Hand-Drawn Soundtrack (Feb, 1936)

Sketches” Sound; Files It For “Talkies”

SYNTHETIC musical notes that can be filed away in a card index have been developed by a group of Soviet musicians and scientists. The hand-sketched notes, resembling combs, are used to produce musical accompaniment for motion picture films.

Radios in Your Hair (Jul, 1948)

Radios in Your Hair

RADIO receivers, tinier than a penny matchbox have been developed by Paramount sound men in Hollywood. These replace the megaphones that directors used in the days of silent pictures to shout instructions to their stars. The resulting confusion on crowded sets was nerve racking to both the director and members of the cast. When sound was added, the megaphone had to go. It was then replaced by intricate signaling systems and many necessary interruptions and expensive retakes. Now this tiny inductive-type receiver, that uses no batteries or tubes, is concealed on the actor’s person. It is claimed that it can pick up signals as far as 300 feet away from the transmitter which is placed near the movie studio stage.


Very interesting article by one of the original Hollywood stunt men. It certainly seems like this was an even more extreme profession in the early days:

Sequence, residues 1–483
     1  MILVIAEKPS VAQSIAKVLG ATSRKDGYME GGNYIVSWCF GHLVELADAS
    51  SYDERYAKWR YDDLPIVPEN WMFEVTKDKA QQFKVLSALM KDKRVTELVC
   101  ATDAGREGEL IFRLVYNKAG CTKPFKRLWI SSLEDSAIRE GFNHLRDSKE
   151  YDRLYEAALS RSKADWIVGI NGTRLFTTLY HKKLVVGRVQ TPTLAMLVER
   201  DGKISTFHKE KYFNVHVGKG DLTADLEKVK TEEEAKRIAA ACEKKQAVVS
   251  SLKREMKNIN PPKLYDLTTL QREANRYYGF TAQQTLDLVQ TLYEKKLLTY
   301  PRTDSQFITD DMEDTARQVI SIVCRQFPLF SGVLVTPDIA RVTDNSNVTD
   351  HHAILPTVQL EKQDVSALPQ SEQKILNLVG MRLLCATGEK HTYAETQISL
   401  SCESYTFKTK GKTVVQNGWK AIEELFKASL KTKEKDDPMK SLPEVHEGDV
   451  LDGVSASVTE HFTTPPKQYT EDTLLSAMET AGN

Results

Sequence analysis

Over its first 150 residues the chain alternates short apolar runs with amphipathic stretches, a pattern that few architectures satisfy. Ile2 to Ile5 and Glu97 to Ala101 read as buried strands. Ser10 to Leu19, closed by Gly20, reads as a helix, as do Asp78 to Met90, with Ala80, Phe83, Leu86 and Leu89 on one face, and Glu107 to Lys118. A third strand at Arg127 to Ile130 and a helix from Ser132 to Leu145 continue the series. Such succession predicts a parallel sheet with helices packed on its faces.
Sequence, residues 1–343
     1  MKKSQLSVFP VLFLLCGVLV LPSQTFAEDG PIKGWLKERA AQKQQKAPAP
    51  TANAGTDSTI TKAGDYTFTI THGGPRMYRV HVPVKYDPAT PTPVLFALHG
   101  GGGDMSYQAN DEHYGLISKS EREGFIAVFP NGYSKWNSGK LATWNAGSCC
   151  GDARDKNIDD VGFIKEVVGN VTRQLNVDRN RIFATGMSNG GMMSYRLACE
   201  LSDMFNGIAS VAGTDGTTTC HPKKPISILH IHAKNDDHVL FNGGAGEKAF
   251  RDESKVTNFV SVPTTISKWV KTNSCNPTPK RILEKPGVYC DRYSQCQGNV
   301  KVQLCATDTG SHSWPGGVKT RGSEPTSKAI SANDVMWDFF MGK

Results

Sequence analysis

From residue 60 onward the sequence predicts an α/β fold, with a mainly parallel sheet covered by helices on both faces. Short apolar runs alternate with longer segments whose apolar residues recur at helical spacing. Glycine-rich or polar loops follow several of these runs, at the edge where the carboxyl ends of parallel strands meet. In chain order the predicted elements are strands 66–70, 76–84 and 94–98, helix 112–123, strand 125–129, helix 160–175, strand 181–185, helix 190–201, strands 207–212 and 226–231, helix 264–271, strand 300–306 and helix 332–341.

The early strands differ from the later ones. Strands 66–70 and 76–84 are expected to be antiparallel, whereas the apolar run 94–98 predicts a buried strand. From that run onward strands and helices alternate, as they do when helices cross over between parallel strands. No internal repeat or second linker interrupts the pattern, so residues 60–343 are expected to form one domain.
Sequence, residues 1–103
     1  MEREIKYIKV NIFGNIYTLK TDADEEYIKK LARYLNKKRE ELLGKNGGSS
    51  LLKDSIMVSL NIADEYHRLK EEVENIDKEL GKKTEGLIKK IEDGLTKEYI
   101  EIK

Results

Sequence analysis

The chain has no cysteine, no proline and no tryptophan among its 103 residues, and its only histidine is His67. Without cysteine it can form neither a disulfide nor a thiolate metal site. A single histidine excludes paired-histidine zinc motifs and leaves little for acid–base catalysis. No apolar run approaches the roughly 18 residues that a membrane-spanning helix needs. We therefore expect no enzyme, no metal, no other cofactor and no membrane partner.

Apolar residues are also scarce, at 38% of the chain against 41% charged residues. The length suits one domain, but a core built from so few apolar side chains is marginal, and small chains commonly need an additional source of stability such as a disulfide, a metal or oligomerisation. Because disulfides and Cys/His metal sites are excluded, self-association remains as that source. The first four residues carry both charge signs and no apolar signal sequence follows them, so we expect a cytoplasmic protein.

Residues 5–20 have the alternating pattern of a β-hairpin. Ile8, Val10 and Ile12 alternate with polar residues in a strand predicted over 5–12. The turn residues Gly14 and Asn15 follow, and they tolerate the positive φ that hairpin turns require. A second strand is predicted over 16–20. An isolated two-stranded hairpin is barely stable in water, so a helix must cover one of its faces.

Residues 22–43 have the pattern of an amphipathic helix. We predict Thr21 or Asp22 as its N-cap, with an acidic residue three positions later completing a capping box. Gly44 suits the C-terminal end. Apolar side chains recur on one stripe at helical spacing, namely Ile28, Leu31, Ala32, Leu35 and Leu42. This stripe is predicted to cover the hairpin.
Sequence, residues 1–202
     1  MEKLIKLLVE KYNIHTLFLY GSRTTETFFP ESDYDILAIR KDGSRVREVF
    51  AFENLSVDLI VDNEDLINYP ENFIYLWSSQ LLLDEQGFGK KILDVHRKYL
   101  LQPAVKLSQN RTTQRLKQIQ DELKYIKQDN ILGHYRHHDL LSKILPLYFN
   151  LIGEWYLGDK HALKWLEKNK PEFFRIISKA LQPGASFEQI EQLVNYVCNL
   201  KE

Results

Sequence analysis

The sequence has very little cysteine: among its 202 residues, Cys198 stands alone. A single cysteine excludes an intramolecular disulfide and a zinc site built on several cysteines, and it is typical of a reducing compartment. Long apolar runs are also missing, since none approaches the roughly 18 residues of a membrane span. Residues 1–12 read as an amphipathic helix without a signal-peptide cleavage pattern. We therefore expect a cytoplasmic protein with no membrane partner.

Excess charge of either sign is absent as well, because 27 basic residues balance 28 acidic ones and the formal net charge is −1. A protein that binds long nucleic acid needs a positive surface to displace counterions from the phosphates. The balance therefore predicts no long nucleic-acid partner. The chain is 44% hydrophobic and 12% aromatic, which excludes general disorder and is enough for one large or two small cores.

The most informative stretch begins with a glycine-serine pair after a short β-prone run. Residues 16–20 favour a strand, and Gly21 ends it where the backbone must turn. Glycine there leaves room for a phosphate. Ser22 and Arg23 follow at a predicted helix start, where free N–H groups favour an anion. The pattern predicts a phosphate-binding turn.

“I had to wear the blood-spattered clothes in which Jack Silver—”Old Silvertip”—died the day before I did his stunt. It was a leap from a train crossing a trestle to the water beneath. Hesitating a fraction of a second, Silvertip had struck pilings on the far side of the stream and been killed. We must not hesitate.”



I BELONG to a strange fraternity. After nineteen years, only six of the original 150 remain. We are the motion-picture stunt men.

I have seen most of the others die, one after another, in performing dangerous feats. Yet, during my own career I was never seriously injured in doing 560 parachute leaps, eighty plane changes in the air, 150 dives from heights above ninety feet, 180 automobile wrecks, riding horses over cliffs sixty-five times and staging fights atop ninety-foot ship masts and making the proper fall into the water so many times I have lost count. The pioneer stunt men who remain besides myself are Cliff Lyons, Yakima Canutt, Duke Green, Gordon Carveth and Frank Clark.